The world’s cities have significant opportunities for green growth but need funding to make the most of them, according to the Carbon Disclosure Project (CDP).
The CDP’s latest report out today says that 82% of cities have identified potential economic growth associated with climate change mitigation and adaptation, but less than a third expect to receive funding to take action.
London, for example, hopes to create some 200,000 green jobs in the process of cutting carbon emissions 60% by 2025, while Los Angeles is focusing and promoting green technology and Yokohama has plans for new industries.
The analysis by AECOM looked at the carbon and water strategies of 73 cities around the world, including Berlin, Madrid, New York, Paris, Tokyo and Sydney as well as London and Los Angeles, which account for nearly 1 billion tons of CO2e.
Nearly a third of those cities expect to see improved energy efficiency in the future and a fifth recognise that more energy security will come with climate change actions.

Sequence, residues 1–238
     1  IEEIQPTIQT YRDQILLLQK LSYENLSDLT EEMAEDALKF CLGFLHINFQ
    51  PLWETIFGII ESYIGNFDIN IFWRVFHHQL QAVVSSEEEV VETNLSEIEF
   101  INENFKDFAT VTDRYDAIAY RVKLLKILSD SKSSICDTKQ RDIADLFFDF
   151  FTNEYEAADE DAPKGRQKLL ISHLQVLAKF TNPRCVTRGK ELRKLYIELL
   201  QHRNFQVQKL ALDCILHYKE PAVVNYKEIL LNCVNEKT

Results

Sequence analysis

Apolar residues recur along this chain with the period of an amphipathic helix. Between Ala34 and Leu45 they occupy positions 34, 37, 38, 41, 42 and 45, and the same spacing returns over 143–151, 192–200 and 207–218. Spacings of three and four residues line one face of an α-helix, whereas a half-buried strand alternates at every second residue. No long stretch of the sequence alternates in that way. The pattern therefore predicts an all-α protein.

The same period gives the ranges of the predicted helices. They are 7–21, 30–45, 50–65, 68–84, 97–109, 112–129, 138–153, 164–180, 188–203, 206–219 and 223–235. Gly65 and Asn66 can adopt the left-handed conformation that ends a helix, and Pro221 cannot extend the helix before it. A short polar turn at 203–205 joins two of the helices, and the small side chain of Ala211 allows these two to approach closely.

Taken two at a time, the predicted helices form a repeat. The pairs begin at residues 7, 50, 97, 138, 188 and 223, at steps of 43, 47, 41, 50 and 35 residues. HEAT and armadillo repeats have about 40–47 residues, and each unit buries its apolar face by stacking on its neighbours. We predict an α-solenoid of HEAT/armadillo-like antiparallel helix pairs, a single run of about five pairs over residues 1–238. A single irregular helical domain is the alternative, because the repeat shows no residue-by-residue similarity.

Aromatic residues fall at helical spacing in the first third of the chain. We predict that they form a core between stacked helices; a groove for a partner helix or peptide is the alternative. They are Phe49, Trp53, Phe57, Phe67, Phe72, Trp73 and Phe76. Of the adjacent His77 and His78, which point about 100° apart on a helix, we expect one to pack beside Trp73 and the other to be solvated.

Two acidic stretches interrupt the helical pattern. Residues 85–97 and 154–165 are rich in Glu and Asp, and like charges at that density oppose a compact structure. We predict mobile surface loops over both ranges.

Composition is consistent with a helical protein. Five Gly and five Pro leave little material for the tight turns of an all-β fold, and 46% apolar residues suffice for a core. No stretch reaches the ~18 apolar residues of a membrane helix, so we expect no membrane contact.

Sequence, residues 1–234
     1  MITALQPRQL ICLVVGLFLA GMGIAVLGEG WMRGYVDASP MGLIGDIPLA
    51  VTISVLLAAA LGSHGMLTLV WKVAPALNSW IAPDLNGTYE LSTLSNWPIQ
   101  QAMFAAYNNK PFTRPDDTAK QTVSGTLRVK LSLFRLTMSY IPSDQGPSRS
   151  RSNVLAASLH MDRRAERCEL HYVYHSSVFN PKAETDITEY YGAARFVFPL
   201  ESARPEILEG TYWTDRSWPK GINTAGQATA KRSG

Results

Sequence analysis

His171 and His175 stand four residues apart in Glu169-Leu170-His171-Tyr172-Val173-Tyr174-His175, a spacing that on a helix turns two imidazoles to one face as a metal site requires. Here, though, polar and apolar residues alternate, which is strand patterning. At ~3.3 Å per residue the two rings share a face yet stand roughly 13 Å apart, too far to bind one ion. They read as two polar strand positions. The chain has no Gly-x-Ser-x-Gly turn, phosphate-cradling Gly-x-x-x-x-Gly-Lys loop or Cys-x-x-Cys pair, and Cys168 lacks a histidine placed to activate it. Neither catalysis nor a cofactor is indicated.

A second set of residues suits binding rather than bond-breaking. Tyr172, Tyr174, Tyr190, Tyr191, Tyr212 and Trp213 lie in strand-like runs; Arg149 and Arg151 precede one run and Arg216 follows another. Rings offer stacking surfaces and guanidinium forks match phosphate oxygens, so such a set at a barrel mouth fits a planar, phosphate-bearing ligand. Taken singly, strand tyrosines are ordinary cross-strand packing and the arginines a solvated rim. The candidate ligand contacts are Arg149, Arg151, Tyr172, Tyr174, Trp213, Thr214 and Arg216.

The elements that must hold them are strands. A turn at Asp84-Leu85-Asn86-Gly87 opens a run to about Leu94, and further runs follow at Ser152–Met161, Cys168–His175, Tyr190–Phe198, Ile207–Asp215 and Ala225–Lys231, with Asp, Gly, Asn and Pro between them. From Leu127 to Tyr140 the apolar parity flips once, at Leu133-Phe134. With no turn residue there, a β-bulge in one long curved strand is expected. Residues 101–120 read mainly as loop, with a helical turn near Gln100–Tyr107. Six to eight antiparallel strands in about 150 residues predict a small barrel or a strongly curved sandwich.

But most of all, over half of cities anticipate new ‘green’ jobs and new businesses as a result of moving to a low-carbon economy.
Ahead of the United Nations Conference on Sustainable Development, Rio+20, CDP says that the “compelling economic drivers” for taking action on climate change should be used to increase the access of cities to funding.
According to the CDP, currently less than 1% of city-associated emission reduction activities are supported with financing from world development banks like the World Bank.
“Cities are major players in the fight against dangerous climate change,” says Conor Riffle, head of CDP’s cities programme. “Cities are hubs of innovation and effective units for managing emissions reductions; increasing their access to climate finance could help achieve the gigaton-scale solutions required.”
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Article source: http://www.energyefficiencynews.com/i/5164/